ANZ-Roy Morgan New Zealand Consumer Confidence dipped 2 points to 118 in July, around its historical average. But winter weather typically takes a toll: seasonally adjusted confidence actually rose 1 point to 121.
Consumer confidence was little changed in August, sitting around its historical average.
- Households are upbeat about current conditions but remain a little cautious about the outlook. Disquiet is focused on prospects for the broader economy over the next 12 months rather than households’ own finances, in what is likely an echo of weak business confidence survey results.
Consumer confidence remains about par, according to the ANZ-Roy Morgan Consumer Confidence Index, which was unchanged in August at 118, around the historical average. The Current Conditions Index fell 1 point to 124 in August, while the Future Conditions Index was unchanged at 114, below its long-run average (122).
- Consumers’ perceptions of their current financial situations slipped 2 points, with a net 12% feeling financially better off than a year ago.
- A net 26% of consumers expect to be better off financially this time next year, up 1 point.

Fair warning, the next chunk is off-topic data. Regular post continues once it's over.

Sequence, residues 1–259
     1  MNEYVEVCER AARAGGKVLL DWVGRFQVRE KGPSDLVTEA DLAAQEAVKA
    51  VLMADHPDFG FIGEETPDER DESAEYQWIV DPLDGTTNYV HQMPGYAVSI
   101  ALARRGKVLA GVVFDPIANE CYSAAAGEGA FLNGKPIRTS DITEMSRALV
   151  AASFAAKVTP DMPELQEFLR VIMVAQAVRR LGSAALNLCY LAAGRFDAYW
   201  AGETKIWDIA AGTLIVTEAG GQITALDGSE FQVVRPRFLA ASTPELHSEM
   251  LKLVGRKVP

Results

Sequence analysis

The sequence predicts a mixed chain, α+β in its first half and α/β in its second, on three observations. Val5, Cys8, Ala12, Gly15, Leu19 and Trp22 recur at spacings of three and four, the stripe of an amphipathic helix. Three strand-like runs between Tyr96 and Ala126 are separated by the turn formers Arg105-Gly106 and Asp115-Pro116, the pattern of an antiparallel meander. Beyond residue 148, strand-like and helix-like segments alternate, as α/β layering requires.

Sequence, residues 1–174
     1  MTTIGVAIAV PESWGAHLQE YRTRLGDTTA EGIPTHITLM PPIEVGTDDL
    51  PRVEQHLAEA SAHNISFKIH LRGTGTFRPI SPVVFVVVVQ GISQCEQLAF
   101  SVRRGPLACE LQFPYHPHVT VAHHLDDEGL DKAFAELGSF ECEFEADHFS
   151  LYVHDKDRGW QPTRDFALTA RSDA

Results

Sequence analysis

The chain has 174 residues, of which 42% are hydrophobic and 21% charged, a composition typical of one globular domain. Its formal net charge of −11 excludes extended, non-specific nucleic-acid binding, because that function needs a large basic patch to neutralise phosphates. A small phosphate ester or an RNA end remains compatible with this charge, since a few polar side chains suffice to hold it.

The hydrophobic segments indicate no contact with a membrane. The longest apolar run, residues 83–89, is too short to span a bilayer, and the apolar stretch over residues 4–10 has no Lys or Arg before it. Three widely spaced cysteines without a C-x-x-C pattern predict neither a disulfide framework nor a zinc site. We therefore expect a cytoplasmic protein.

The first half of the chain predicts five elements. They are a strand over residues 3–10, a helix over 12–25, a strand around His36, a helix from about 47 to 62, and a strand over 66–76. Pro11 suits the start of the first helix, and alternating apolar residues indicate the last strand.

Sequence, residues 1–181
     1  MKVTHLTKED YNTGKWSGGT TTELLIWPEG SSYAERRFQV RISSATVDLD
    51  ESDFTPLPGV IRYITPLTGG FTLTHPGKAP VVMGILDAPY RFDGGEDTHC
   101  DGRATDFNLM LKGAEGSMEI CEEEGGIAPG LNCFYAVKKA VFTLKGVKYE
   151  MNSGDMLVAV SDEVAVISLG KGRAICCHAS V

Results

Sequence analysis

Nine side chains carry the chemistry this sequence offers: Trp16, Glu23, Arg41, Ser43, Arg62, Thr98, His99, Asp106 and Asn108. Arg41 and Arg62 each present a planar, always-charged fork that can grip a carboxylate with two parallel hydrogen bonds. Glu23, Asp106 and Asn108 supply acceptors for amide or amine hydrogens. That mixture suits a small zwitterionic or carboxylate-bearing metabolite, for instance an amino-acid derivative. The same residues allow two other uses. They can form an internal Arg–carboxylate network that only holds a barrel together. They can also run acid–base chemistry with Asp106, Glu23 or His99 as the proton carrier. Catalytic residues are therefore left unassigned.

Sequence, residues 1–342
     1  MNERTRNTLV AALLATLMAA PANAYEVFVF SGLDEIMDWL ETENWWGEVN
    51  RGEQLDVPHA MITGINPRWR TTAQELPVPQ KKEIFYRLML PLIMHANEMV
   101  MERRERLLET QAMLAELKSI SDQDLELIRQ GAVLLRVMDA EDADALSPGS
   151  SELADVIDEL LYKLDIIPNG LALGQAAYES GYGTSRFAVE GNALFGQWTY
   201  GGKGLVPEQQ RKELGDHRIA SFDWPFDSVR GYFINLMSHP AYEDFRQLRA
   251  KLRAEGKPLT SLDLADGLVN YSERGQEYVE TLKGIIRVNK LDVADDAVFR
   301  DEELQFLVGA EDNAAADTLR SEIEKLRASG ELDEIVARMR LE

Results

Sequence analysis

- A net 35% say it’s a good time to buy a major household item, down 1 point but still solid.
- Perceptions regarding the next year’s economic outlook eased another point to +2%, the lowest reading since October 2015. The five-year outlook also dipped 1 point, to +13%.
- Wellington is by far the most confident region at 131 (-1 point). Confidence fell 2 points in Auckland to be in last place at 113.
- Expectations for national house price inflation eased from 3.7% to 3.4% y/y, with the bounce losing steam. The South Island ex-Canterbury is in the lead at 4.8%, while Canterbury is weakest at 2.4%.
- General inflation expectations ticked up a smidgen to 4.0% – they have been fairly steady around these levels since taking a step up in March.
Consumer confidence has been relatively steady around average levels in recent months. Perceptions of current conditions remain strong, reflecting a tight labour market. However, there is a degree of caution about the future, more about the economy as a whole than respondents’ own financial situations. This reflects that confidence about the economic outlook is probably something of an echo chamber between households and firms.
The current level of consumer confidence – and whether respondents think it’s a good time to buy a major household item – is still supportive for spending (figure 2). This level is not a bad compromise between the need to increase household saving, and a more challenging outlook for retail firms who are also dealing with disruption and weak pricing power.
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